Northwestern Memorial Hospital Inpatient Pharmacy Services
At Northwestern Memorial Hospital, clinical pharmacy specialists help patients throughout their stay in the hospital. They often see patients in the Emergency Department and, if admitted, continue to provide inpatient care. They also help organize post-hospital care.
These medication experts are important members of your care team. Our goal is to help you have improved health outcomes from your medication treatment.
Our pharmacists are available on-site 24 hours per day, seven days per week, for all patients in the Emergency Department as well as those admitted to Northwestern Memorial Hospital and Prentice Women’s Hospital.
Your Inpatient Clinical Pharmacist
Pharmacists are medication experts. Clinical pharmacists are trained to use their medication expertise and apply that knowledge to care for you while you are in the hospital.
Clinical pharmacists provide complete medication management advice to patients and other members of the care team (including physicians, nurses and others). As part of your care team, your clinical pharmacist:
- Serves as the medication expert on your care team to help ensure that every medication is safe and effective for you every day
- Monitors your medications as your care plan changes
- Answers medication questions you or your family may have during your hospital stay
- Uses evidence-based medicine to improve your treatment outcomes and quality of life
- Provides oversight to help prevent adverse drug reactions
- Considers medication costs
- Helps you organize your medication routine
Your clinical pharmacist will promote medication safety and education. They can explain:
- Side effects of new or current medications
- How to take new medications and why you are taking them
- How a medication is helping you
- Medication use at home
Please tell a nurse or a member of your care team if you would like to talk to your clinical pharmacist. We are here for you.
Meet Our Clinical Teams
Commonly Prescribed Medications and Medication Disposal
Pharmacists commonly provide medication education resources to patients while in the hospital. To view examples of available brochures highlighting common medications and their use, visit our medication brochures page.
Many times, the medications you are taking may change, especially after a stay at the hospital. This will leave you with medications at home that you do not need anymore. If you have medications that you are no longer taking, please dispose of them safely by bringing them to one of these designated medication drop boxes near the hospital.
Walgreens Pharmacy in Galter Pavilion
201 East Huron Street
Chicago, Illinois 60611
342 East Illinois Street
Chicago, Illinois 60611
Metropolitan Water Reclamation District
100 East Erie Street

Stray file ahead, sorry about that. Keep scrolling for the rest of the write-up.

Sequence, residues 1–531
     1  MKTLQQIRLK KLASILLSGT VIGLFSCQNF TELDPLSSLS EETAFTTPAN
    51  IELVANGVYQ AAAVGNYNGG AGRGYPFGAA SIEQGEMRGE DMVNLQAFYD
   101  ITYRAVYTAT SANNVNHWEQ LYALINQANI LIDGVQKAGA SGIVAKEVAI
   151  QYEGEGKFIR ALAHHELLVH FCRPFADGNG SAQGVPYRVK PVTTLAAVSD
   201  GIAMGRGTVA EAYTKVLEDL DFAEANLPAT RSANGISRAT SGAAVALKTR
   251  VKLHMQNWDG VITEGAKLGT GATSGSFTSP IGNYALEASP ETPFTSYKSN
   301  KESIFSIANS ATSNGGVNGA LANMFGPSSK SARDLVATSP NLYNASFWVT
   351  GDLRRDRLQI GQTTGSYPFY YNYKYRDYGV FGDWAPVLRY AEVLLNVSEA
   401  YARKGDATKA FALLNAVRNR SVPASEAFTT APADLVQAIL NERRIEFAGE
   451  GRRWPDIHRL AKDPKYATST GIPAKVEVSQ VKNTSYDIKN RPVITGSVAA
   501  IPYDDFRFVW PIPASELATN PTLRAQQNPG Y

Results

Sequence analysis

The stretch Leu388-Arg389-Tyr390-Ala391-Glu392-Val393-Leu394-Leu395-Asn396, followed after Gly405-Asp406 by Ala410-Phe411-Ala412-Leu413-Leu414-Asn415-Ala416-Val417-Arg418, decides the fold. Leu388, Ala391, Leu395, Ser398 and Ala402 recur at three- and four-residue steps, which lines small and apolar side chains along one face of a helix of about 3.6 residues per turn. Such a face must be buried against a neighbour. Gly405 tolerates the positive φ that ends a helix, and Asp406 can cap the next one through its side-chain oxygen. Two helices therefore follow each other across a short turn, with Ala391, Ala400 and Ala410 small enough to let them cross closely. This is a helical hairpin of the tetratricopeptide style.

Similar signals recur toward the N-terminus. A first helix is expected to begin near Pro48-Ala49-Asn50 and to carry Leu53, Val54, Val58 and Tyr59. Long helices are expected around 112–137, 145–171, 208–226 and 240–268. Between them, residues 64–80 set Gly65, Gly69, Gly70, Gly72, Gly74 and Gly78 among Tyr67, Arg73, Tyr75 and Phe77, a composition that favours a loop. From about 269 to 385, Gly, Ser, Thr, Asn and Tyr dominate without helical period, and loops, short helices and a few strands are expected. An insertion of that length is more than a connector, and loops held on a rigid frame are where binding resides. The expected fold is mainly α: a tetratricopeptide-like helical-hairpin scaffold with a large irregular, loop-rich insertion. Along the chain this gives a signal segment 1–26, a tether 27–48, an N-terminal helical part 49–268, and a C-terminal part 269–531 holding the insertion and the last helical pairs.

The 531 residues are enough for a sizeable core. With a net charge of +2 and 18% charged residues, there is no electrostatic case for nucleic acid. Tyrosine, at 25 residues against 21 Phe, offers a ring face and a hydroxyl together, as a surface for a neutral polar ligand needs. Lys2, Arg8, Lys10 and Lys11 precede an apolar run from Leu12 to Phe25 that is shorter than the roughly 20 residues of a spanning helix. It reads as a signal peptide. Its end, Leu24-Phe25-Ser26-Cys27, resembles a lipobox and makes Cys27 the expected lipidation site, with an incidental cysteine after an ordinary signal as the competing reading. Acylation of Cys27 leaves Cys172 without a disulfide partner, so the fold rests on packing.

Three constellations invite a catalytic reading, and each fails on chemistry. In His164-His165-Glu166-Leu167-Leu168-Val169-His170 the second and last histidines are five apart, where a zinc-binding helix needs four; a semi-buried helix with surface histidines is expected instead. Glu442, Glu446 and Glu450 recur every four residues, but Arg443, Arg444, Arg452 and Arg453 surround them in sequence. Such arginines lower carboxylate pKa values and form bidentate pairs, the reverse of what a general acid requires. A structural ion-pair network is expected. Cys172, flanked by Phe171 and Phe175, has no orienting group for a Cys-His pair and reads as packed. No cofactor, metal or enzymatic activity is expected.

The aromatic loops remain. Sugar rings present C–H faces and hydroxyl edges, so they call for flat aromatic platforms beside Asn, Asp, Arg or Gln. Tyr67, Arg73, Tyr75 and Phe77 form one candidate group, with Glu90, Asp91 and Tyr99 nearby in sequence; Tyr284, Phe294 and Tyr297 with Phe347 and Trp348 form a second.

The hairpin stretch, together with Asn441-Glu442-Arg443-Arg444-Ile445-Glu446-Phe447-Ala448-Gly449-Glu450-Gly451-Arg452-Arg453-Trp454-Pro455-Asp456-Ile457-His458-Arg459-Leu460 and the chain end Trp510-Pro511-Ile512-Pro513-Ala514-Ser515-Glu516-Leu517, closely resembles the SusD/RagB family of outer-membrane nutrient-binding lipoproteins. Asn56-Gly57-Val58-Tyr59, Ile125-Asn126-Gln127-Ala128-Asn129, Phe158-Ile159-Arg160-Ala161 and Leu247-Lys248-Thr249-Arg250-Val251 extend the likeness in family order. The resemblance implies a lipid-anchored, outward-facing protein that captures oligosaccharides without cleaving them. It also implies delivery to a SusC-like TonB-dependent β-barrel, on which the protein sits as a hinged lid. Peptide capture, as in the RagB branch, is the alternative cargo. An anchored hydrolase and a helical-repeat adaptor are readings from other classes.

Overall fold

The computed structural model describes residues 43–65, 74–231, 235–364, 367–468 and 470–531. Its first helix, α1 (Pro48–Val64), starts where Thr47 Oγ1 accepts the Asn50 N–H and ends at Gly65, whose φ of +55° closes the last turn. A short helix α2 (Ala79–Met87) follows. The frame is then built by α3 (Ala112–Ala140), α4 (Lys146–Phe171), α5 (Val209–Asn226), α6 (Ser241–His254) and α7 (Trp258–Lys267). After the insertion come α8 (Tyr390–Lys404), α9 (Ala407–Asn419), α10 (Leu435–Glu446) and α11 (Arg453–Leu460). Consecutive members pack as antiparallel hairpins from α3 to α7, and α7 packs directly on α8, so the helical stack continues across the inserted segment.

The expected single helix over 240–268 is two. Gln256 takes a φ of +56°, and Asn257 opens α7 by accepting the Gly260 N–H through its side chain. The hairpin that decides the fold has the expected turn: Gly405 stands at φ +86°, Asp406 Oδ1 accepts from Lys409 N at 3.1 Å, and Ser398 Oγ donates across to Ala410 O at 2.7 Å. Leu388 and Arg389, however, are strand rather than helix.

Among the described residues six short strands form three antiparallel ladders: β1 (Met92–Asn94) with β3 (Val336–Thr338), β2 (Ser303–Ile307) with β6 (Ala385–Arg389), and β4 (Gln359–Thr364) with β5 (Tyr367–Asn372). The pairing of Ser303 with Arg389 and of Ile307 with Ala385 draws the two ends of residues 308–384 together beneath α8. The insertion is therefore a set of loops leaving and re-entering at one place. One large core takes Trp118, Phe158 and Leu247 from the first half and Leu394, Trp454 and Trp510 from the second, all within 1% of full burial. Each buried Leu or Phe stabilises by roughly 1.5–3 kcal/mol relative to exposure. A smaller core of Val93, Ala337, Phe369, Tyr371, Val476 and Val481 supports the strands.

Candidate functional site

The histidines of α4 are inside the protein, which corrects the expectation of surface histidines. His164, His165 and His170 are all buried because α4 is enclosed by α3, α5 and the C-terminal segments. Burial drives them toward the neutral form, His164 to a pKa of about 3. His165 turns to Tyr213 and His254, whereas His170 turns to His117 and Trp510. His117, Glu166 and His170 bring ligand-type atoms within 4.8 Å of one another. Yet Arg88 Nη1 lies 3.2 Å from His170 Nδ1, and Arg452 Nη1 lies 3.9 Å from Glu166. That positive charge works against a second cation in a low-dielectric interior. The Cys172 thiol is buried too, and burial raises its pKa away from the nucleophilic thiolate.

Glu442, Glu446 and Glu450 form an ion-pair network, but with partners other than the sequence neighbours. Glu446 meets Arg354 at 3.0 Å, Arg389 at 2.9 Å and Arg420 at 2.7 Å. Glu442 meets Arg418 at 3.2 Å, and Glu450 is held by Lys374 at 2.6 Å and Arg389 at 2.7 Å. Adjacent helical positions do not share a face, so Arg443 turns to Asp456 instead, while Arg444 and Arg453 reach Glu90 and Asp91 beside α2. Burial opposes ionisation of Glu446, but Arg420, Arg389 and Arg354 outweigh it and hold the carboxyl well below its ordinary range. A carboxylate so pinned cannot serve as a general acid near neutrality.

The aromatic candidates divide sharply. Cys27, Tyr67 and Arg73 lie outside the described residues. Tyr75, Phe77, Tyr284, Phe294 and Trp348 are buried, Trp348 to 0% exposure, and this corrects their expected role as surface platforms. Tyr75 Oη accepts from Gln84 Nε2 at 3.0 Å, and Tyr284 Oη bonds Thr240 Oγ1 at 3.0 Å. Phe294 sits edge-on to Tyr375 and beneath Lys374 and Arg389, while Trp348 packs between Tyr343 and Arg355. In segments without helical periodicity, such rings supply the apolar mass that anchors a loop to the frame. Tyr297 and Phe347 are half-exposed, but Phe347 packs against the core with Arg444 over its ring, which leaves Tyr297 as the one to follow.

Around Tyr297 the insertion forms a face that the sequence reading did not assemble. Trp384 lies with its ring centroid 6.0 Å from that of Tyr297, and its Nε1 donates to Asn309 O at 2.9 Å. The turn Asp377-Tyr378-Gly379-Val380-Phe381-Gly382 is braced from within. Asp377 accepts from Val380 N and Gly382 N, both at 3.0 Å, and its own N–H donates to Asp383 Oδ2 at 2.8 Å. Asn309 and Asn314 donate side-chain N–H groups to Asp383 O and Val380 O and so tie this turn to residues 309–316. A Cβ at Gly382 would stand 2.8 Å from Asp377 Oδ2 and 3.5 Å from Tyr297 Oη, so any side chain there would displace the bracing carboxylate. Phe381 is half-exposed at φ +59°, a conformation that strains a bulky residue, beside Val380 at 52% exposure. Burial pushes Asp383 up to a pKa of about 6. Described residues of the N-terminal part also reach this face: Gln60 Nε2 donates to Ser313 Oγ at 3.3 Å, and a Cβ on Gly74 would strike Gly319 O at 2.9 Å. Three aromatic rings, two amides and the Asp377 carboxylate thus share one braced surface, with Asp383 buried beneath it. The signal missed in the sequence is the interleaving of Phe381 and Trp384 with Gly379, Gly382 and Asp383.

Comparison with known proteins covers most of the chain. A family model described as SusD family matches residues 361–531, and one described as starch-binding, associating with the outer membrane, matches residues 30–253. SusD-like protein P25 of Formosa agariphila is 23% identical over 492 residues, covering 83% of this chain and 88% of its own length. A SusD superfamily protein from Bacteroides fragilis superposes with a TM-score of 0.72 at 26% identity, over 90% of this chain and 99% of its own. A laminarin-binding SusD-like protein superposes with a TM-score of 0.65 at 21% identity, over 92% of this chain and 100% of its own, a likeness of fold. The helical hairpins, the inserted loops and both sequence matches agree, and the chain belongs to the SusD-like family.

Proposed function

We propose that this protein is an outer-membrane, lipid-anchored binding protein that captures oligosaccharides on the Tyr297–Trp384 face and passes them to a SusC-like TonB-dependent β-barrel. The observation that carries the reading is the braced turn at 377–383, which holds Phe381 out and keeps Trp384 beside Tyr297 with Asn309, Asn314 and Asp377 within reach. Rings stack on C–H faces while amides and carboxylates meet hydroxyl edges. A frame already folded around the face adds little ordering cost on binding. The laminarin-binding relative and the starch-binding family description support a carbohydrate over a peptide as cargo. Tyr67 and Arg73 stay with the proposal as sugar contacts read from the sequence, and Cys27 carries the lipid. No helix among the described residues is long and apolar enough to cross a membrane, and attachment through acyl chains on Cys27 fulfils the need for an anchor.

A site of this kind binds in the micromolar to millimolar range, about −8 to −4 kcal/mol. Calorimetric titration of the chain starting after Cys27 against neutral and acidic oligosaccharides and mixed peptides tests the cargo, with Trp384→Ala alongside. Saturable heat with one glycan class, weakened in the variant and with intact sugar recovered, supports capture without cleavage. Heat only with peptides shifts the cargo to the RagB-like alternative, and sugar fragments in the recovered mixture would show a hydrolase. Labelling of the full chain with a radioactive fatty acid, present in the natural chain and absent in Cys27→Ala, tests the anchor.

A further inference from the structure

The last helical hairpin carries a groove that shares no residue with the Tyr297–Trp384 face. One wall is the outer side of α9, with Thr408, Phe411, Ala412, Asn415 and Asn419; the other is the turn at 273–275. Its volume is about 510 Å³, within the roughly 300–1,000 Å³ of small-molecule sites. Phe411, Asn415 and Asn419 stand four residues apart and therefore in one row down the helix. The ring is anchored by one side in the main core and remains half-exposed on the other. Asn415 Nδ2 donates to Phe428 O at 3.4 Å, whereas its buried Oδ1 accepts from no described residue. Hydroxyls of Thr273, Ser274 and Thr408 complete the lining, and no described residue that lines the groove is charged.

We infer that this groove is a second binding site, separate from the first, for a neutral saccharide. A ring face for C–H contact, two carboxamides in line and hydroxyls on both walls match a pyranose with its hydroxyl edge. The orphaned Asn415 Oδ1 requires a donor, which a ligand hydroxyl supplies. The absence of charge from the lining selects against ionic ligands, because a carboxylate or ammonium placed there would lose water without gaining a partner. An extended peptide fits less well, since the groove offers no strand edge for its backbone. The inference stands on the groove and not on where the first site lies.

Chicago, Illinois 60611
Please see Safe Medication Storage and Disposal for more information.
If you do not live near the hospital or would like to know of other locations to drop off medications, please go to cookcountymeds.org.
Frequently Asked Questions
Inpatient Pharmacy Services
- Where do the hospital medications come from?
- Why do we ask you about your home medications?
- What is a hospital formulary?
Pharmacists will dispense and control your medications while you are in the hospital. They will review and process every medication order. Your medications will be checked by a pharmacist for accuracy before leaving the pharmacy. Your medications will be delivered to your inpatient area from our central pharmacy location in the hospital.
We understand you may have already given this information to your physician or nurse. Pharmacists may look at medications differently than other members of your care team. You may also hear us call this your "medication history" or "medication reconciliation."
We may ask if you have:
- Changes in the dose of your medication
- Difficulty getting medications while you are not in the hospital
- Help from someone else for managing your medications
We also want to double-check your medication history to make sure we have an effective treatment plan in place while you are in the hospital. We care about every medication you take every day.
The Food and Drug Administration (FDA) has approved more than 20,000 medications. Every hospital must decide which of these to keep in stock. This list of in-stock medications is called the hospital formulary.
The Pharmacy team constantly reviews and changes the formulary based on these considerations:
- New medications that become available
- Changes in medication practices
- Medication cost
If we do not have one of your medications, our hospital formulary likely has an alternative medication that will work in the same way. This is called a therapeutic substitution. If you have questions regarding a therapeutic substitution or taking a medication you brought from home, please ask to talk with your clinical pharmacist.